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Why Citizens Want to Carry Guns in Public (CCW)
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Carrying a gun? Around with you? Isn't that kind of stupid... and dangerous? Why does society even allow people to do that?
These are questions that are always raised by someone when the topic of carrying a concealed handgun by law-abiding citizens (CCW).
And while everyone is certainly entitled to their own opinion, it tends to be best when opinions are grounded in facts. Here are some to consider.
Thirty years after Florida passed their CCW law there are now almost four million citizens legally carrying handguns in 40 plus states.
My state of Indiana has allowed CCW for 70 years, and over 350,000 Hoosiers currently have CCW permits. Indiana has many urban areas such as Gary, as well as more rural areas. In some counties about 10 percent of residents own a carry license.
In my town almost 1 out of every 5 adults has a CCW. As a side note, it is exceptionally easy for a woman to obtain her CCW here. My wife has had hers for many years, and since she often works to midnight it is quite a aid to feeling safe at times.
Nationwide, there have been no law enforcement officials shot by any person with a CCW, no school or church shootings by any person with a CCW, no "blood on the streets", no "Dodge City shootouts", no instances of the guns being taken away and used by the badguys, no rise in accident levels, no prisons full of untrained CCW holders who shot otherwise innocent people willy-nilly, and no examples of children shot dead by CCW holders.
The states with concealed carry permits on average have a revocation rate of less than 0.04 percent. That is four out of every ten thousand holders. In the majority of these cases the revocation is due to a minor technical infraction equal to a traffic ticket, rather than the result of a crime.
We go about our business quietly and calmly, while occasionally defending ourselves against social predators.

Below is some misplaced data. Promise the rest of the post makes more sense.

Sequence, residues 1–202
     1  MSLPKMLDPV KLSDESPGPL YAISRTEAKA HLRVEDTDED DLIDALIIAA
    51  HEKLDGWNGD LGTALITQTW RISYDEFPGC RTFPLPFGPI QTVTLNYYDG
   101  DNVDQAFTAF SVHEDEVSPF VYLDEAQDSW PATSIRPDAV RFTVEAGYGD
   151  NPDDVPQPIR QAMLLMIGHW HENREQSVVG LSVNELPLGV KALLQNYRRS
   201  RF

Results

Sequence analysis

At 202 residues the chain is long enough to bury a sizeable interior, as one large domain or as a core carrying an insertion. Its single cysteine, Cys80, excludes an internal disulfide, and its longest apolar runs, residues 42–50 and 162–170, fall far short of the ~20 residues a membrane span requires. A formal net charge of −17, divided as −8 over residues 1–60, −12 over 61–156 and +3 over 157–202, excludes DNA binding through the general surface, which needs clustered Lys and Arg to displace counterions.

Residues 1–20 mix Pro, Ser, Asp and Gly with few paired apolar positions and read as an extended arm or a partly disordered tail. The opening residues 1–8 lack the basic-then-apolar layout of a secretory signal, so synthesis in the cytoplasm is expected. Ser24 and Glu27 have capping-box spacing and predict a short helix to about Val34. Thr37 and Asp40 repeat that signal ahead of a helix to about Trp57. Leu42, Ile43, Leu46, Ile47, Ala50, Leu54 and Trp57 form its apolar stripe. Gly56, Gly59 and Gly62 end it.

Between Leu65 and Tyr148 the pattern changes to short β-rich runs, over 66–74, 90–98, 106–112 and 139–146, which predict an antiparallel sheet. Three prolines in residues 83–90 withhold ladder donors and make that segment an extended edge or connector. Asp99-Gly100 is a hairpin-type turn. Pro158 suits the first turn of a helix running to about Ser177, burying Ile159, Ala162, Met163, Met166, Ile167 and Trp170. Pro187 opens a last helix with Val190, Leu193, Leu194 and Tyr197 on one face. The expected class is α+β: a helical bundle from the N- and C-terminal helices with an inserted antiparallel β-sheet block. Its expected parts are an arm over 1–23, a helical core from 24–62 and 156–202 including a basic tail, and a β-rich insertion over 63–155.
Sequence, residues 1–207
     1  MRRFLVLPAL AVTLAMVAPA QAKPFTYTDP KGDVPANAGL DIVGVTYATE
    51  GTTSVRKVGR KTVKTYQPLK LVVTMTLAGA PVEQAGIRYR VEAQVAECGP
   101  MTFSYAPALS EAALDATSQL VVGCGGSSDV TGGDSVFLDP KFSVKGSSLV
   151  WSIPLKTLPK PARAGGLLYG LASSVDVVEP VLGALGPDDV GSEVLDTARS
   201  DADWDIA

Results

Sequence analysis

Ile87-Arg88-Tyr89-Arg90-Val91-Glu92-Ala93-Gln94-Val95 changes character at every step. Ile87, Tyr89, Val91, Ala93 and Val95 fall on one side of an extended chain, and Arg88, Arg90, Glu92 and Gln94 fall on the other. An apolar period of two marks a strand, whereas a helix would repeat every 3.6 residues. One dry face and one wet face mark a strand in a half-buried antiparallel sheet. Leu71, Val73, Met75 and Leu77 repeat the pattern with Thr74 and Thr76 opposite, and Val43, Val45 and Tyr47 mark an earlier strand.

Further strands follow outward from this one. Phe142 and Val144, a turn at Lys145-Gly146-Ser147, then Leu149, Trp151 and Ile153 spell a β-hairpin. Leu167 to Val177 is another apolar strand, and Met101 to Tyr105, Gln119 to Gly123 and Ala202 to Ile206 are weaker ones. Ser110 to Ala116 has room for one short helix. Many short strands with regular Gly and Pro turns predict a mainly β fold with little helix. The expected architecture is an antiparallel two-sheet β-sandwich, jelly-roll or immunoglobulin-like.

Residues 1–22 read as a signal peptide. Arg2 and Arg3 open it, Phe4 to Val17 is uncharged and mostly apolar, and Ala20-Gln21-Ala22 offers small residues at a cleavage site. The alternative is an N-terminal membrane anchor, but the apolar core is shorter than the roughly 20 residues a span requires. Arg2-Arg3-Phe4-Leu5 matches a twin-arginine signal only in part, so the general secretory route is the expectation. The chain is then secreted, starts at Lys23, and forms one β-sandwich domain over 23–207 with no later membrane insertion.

Back a few years ago two escaped, very hardcore criminals from Mississippi were roaming loose around our county. They had already been in several running gun battles with the police and had vowed to not be taken alive.
Our then 13 year old was on an overnight trip to a church camp when the badguys were spotted fairly close by. A call went out to all the parents to come and pick the kids up just in case.
My wife and I holstered our legally carried handguns and went to pick her up. We stayed inside providing interior security with a few other also armed adults, and several fathers provided exterior security with long guns. We all stayed until all the kids were picked up.
When we got home our daughter hugged the me and the wife and told us that she was comforted (her word) by the knowledge that we both had our guns with us and could protect her if necessary. I cannot tell you how moving that was to my wife and I.
You see, the comfort is never in knowing that one can take a life with a gun, but the sure knowing that one can save a life with a gun. My life, my wife's, or maybe my daughter's. These are the people I am responsible for.
I know in your heart you believe terrible things might happen if citizens carry guns, but I have one question: Why have none of the doom, gloom, and scary stories you believe might happen not come true in any state that has passed a CCW law? Not one.
It is no longer intellectually honest for you as an informed citizen to continue to falsely believe what "tragedies" might happen - instead, it is the duty of all responsible people to understand what actually has happened. I challenge you to do so.
Here are a number of examples of people who have changed their minds on the issue. Perhaps after reading their comments you'll understand why.
P.S. Steve Chapman, a liberal columnist on the editorial board of the Chicago Tribune, took up the challenge. The Trib is perhaps the most gun-hating newspaper in the most gun-hating city in the country, but here is what Steve found out when he honestly looked at the issue of CCW several years ago when Michigan was considering passing a CCW law.
"Michigan's Threat From Concealed Weapons"
Chicago Tribune, June 28, 2001
If you plan a trip to Michigan, you may want to check your life insurance policy, update your will and don your body armor. Come Sunday, unless the state supreme court intervenes, it will start letting residents get permits to carry concealed weapons. Gun-control advocates are braced for the worst. "I can guarantee you that I've honked my last horn at an intersection in